So that left me with diving into the murky rejection filled waters of querying. The thought of querying again felt a little like being pushed back to square one. I mean I’d already done this. I’d suffered through two manuscripts worth of queries--re-writing each of them a million times and re-reading every rejection to try and find the hidden words that would illuminate how to make my book absolutely perfect and sellable, even if they were forms! The thought of having to do all that over again had me debating this:

After I took some deep breaths and hashed it out with my husband I knew querying was really the only path for me at the moment. For me, it was the best decision, because I had to believe there would be another agent out there that would love my manuscript as much as Brittany did and because I knew an agent understands the market and business side of writing WAY better than I do. 

Turns out my husband knows and understands me better than I do because he suggested I ask one of my close critique partners if she would talk to her agent for me. See, her agent had been previously employed at Brittany’s agency before going out on her own. So she knew the players and might have some sound advice for me. When he suggested this to me--which I would’ve never come up with on my own--I was pretty much like:

Of course because my critique partner is AMAZING she forwarded the dilemma to her agent--Jamie Bodnar Drowley--who immediately emailed me to talk. I was floored with how incredibly helpful she was. Here I was an unknown connection to one of her clients in an awkward predicament and she opened her mind to me. Gave me advice and talked out options with me and even asked to read my manuscript! Even though I had no idea if she’d love it or hate it--I sent off my manuscript feeling like I actually might get through this. 

After a few more emails back and forth and after Jamie finished reading the manuscript she asked for a time to talk...on the phone! This is a huge deal for writers--if an agent wants to speak with you on the phone it usually isn’t to reject you, at least not that I’ve ever heard of...that would be a new kind of awful.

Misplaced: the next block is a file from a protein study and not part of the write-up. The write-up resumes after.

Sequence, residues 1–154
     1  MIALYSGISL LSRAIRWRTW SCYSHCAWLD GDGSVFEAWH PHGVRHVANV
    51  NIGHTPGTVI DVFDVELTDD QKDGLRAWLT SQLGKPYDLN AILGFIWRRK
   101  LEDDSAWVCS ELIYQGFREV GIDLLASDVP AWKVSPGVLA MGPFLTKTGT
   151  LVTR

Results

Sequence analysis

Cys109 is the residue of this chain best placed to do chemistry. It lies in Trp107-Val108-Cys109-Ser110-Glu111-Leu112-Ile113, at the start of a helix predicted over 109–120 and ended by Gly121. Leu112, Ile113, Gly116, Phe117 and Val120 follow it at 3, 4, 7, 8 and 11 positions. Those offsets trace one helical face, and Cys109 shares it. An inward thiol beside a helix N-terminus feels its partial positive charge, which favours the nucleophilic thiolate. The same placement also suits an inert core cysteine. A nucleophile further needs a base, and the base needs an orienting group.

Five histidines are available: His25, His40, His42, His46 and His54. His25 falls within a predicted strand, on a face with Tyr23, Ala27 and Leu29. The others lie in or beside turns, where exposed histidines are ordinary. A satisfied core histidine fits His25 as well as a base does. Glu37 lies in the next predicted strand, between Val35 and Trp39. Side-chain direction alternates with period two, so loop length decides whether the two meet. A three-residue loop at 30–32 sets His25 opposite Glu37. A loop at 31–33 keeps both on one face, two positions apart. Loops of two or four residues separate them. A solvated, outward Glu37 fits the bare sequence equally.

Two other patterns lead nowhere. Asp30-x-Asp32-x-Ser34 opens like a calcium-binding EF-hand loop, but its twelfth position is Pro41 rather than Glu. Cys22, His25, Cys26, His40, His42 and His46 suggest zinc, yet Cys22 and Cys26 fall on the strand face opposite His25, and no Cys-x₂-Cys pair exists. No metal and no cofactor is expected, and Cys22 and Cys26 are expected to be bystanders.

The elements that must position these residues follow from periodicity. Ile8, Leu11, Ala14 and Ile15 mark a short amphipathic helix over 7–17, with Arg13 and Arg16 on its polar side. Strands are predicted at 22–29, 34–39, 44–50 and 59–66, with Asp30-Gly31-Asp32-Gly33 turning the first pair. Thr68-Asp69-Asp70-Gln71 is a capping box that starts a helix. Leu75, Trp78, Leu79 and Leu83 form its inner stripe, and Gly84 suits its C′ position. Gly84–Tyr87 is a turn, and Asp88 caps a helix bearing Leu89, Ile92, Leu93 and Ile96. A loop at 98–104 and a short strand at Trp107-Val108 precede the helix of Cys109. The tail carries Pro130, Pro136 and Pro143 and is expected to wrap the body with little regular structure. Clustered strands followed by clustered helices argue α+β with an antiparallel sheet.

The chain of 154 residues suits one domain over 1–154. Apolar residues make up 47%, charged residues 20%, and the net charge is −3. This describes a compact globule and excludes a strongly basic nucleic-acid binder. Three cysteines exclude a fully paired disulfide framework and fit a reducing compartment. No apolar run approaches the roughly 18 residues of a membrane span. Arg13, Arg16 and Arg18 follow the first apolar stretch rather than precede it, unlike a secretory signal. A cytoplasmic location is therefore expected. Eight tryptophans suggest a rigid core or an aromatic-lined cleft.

The call went incredible and not only because my newborn baby girl Lexi didn’t wake up in the middle and demand to be fed, but because Jamie was wonderful!

She understood the manuscript and me as a writer. She also loved the fact that her client and Brittany both had endorsed me as a writer and to them I say:

And she offered me representation! Which I eagerly accepted!

I’ve always said everything happens for a reason and perhaps the reason I was signed with Brittany first was not only to make an awesome friend who gave me priceless advice and helped shape my manuscript to an even better version...but to set me on the path that led to Jamie--who happened to used to read for Brittany. And maybe, just maybe, Jamie will take my novel to the one place I’ve always dreamed it to be...the bookshelf. I have every confidence that she will and even though these past few months have been an emotional roller coaster ride...having my first baby, losing my first agent (which is almost like being broken up with on a writer level) and finding my book a new home where I feel it will be represented in the best possible way...I can’t really complain. 

I’m lucky enough to say that my first agent is a best-selling author who is living the dream and that she actually loved my book enough to take it on for as long as she could. I’m lucky enough to call her my friend and know that if I ever need any advice she’s there to call upon. I’m lucky enough to say that I made some connections in the way of agency sister’s that are unbreakable. I’m lucky enough to say that after thinking all hope was lost, a helping hand opened a new door for me and welcomed me inside. So instead of being mad at the crazy turn of events, I’m beyond thankful and can’t wait to see where this new path will take me and my novel. 

So thank you to all who listened, offered advice, and even offered her agent to me, THANK YOU!